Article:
Setting out the framework for the ECB’s Outright Monetary Transactions (OMT) on Thursday, the ECB said –
They may also be considered for Member States currently under a macroeconomic adjustment programme when they will be regaining bond market access.
Certainly helpful for Ireland and Portugal to have that backstop. What’s not quite so clear is how the conditionality would be applied. The countries would be selling bonds as a path to exit from their existing Troika programme and the programme would presumably expire as the final disbursements were made and the original programme conditions met. So what is the Post-Program Monitoring (as the IMF might say) for those countries?
The ECB statement points towards an Enhanced Conditions Credit Line as the framework. The recently updated EFSF FAQ explains that facility –
Access open to all euro area Member States whose general economic and financial situation remains sound but faces moderate vulnerabilities that preclude access to a PCCL. Beneficiary must adopt, after consultation with EC and ECB, corrective measures aimed at addressing weaknesses.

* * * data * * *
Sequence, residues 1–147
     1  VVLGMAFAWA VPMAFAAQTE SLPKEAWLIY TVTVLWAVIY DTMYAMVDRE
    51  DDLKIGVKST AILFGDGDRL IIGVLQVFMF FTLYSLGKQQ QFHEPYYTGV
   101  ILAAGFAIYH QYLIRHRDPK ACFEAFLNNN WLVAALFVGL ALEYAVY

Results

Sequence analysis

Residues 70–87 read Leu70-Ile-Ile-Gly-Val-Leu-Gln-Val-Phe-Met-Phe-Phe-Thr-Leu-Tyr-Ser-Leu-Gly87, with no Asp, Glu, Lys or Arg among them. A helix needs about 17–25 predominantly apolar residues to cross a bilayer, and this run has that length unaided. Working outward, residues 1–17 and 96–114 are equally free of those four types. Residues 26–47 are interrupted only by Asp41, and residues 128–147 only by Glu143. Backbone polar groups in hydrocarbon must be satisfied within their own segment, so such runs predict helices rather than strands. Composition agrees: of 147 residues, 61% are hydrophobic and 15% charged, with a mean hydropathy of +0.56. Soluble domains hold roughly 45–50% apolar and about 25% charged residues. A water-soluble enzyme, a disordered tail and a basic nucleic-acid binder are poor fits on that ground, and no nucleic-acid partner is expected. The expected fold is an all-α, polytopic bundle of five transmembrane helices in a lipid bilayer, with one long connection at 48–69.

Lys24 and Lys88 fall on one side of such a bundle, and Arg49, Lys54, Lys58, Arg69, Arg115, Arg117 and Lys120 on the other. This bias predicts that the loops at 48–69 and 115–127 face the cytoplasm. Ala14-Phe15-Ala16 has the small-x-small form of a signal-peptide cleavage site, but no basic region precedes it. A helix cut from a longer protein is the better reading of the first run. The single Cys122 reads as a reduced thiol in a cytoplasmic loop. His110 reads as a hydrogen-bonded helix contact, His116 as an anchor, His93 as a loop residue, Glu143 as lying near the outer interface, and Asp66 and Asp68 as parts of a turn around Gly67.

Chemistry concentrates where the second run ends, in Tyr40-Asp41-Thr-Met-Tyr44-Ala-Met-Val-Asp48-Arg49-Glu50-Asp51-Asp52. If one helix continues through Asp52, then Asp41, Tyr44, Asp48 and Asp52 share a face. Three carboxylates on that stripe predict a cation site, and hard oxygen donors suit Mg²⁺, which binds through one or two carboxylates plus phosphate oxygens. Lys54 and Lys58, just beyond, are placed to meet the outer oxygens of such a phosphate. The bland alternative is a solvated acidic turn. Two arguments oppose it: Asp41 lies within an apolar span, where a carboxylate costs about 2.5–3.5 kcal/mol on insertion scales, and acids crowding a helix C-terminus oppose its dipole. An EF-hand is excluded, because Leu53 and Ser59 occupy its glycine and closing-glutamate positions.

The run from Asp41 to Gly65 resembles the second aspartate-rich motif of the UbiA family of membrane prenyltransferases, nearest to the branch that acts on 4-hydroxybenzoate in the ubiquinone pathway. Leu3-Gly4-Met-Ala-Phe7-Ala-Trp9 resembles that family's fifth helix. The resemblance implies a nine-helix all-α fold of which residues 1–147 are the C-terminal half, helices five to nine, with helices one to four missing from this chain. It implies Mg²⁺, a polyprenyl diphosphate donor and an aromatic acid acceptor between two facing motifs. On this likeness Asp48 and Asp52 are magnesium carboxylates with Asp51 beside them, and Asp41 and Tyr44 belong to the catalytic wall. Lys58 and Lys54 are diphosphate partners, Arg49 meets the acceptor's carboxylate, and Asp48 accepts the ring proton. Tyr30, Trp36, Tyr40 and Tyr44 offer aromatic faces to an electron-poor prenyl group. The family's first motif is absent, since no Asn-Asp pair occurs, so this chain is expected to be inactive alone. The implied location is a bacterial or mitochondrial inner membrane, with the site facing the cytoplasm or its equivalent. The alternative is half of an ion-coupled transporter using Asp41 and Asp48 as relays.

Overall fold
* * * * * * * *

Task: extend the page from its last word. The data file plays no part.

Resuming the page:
while the PCCL is
Access limited to a euro area Member State whose economic and financial situation is fundamentally sound, as determined by respecting eligibility criteria (sustainable public debt, respect of SGP and EIP commitments, track record of access to capital markets on reasonable terms)
So these facilities are intended to keep countries out of a programme. However with the EU’s record of creative interpretation of previous agreements, it would be a tiny stretch to soon say that the ECCL becomes a relapse-prevention facility, and then the ECB can backstop the secondary bond market for these just-back-on-their-feet countries with the needed conditonality.
One implication is that Ireland and Portugal can’t look forward with too much certainty to full programme exit even if they perform exactly as envisaged under their programmes. Another is that the Eurozone could be running a fairly large after-care facility long after the peak of the crisis has passed.